Gender inequality. We often hear it talked about in the workplace, at home, or in television and film – but have you ever thought about how it exists in urban planning?
I certainly hadn’t, until I stumbled upon this Guardian article from 2016 titled Can cities be feminist? Inside the rise of female mayors.
If you’re a woman, you’re probably all too familiar with the frightening endeavor of walking down poorly-lit streets at night, have at some point braced yourself for comments as you walked past a group of men, or, in the case that you’re a mother or female child-carer, have struggled to fit a stroller on crowded public transportation. Whether you realize it or not, women navigate cities in a profoundly different way than men in order to feel respected and safe.
Considering this, it is only natural that male and female planners make decisions based on very different life experiences than one another. But, even so, global statistics of all national parliamentarians shows that there still remains only 22.8 per cent women as of June 2016 (and numbers for local politicians, although scarcely gathered, is expected to be much lower).
But all over the world, the built-environment professions – and particular their uppermost echelons – remain heavily male-dominated, more so than other spheres such as education or health. – Susanna Rustin, The Guardian
So, with a clearly male dominated urban planning and construction industry, we must ask ourselves how their decision making excludes and disadvantages women, even if it may not be intentional.
I think a good place to start is to take a look at how exactly women tend to roam and go about their daily tasks in cities. Lauren Elkin is an author and academic whose book, Flâneuse, addresses the political history of women walking in urban public spaces.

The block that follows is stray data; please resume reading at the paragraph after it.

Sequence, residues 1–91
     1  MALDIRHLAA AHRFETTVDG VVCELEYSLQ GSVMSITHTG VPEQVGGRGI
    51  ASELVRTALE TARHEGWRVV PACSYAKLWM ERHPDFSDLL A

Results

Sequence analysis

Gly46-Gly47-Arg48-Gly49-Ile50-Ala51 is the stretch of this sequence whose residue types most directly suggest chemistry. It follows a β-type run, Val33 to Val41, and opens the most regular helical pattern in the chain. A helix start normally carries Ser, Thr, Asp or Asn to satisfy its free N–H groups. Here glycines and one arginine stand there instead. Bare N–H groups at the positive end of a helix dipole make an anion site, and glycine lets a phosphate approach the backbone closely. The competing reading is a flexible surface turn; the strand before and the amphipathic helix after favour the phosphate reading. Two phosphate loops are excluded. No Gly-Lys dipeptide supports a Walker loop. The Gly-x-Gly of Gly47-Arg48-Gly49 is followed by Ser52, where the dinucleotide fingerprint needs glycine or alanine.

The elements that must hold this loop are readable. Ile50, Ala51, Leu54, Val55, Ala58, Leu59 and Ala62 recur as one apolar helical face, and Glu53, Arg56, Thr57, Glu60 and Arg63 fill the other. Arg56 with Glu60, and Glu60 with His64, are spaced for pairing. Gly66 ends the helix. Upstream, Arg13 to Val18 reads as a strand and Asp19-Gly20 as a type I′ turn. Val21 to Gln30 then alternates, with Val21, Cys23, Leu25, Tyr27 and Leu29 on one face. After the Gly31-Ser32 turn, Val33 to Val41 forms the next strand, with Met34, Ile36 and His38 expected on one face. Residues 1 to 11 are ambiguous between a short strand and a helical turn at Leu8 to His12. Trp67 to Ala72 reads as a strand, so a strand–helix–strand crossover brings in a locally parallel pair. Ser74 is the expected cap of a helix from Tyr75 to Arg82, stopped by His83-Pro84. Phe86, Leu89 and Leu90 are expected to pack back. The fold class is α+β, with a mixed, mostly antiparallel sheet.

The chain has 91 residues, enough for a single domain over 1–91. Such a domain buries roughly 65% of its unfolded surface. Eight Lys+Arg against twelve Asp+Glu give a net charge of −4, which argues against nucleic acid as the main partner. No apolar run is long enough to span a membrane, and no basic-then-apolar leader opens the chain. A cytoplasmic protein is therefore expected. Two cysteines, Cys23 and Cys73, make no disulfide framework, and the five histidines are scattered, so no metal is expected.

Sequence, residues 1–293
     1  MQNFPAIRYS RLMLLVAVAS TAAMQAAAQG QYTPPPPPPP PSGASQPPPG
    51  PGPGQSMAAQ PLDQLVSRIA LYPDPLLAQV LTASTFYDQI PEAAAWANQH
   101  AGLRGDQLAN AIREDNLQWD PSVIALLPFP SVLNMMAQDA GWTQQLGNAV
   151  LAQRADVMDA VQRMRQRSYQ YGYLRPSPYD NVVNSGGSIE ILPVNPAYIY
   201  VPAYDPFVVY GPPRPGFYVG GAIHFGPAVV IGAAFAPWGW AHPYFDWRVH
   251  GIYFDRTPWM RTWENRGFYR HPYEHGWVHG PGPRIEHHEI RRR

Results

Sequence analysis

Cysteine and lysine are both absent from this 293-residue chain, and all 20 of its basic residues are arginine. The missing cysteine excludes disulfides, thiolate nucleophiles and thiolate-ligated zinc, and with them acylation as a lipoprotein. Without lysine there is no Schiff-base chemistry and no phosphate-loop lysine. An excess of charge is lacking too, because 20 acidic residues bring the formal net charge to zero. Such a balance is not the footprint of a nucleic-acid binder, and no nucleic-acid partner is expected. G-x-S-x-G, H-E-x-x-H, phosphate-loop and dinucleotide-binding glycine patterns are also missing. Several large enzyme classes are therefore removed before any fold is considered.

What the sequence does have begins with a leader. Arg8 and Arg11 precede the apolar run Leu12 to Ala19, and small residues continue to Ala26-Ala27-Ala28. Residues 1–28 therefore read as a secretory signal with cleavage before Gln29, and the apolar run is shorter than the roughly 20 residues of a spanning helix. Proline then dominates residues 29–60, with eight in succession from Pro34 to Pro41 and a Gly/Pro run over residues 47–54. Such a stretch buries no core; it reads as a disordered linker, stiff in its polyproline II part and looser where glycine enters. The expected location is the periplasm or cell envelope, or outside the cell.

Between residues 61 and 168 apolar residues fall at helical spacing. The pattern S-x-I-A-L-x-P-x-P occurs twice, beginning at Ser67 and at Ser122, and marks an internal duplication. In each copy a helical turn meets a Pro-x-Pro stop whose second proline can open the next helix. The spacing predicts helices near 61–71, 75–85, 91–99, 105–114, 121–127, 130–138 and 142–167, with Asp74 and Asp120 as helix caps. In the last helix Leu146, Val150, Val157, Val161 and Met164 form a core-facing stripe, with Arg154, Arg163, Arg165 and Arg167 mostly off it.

“A flâneuse is quite basically the female conjugation of a “flâneur,” or a kind of idly curious stroller in the city, a man-about-town. However, […] only men have historically (and this is arguably still true today) had that kind of access to the city, where they could walk around observing and “merge with the crowd”; women have been, or are, generally too conspicuous in the city […] I realized the act of flâneuserie wasn’t simply a female version of a male act, but its own kind of subversive appropriation of urban space.”
There have been studies done that show how women avoid walking through male dominated or poorly-lit areas, opting to take longer routes in order to maintain a feeling of safety. Other studies have shown that women use public transportation more frequently and for a wider range of purposes (think about childcare and work alone).
While the ways that women come to use, and navigate the city are indeed rooted in social and cultural gender norms, to think of them equally as an issue of planning could set the backdrop for developing groundbreaking solutions to the problems faced by women in cities, no matter their race or social standing.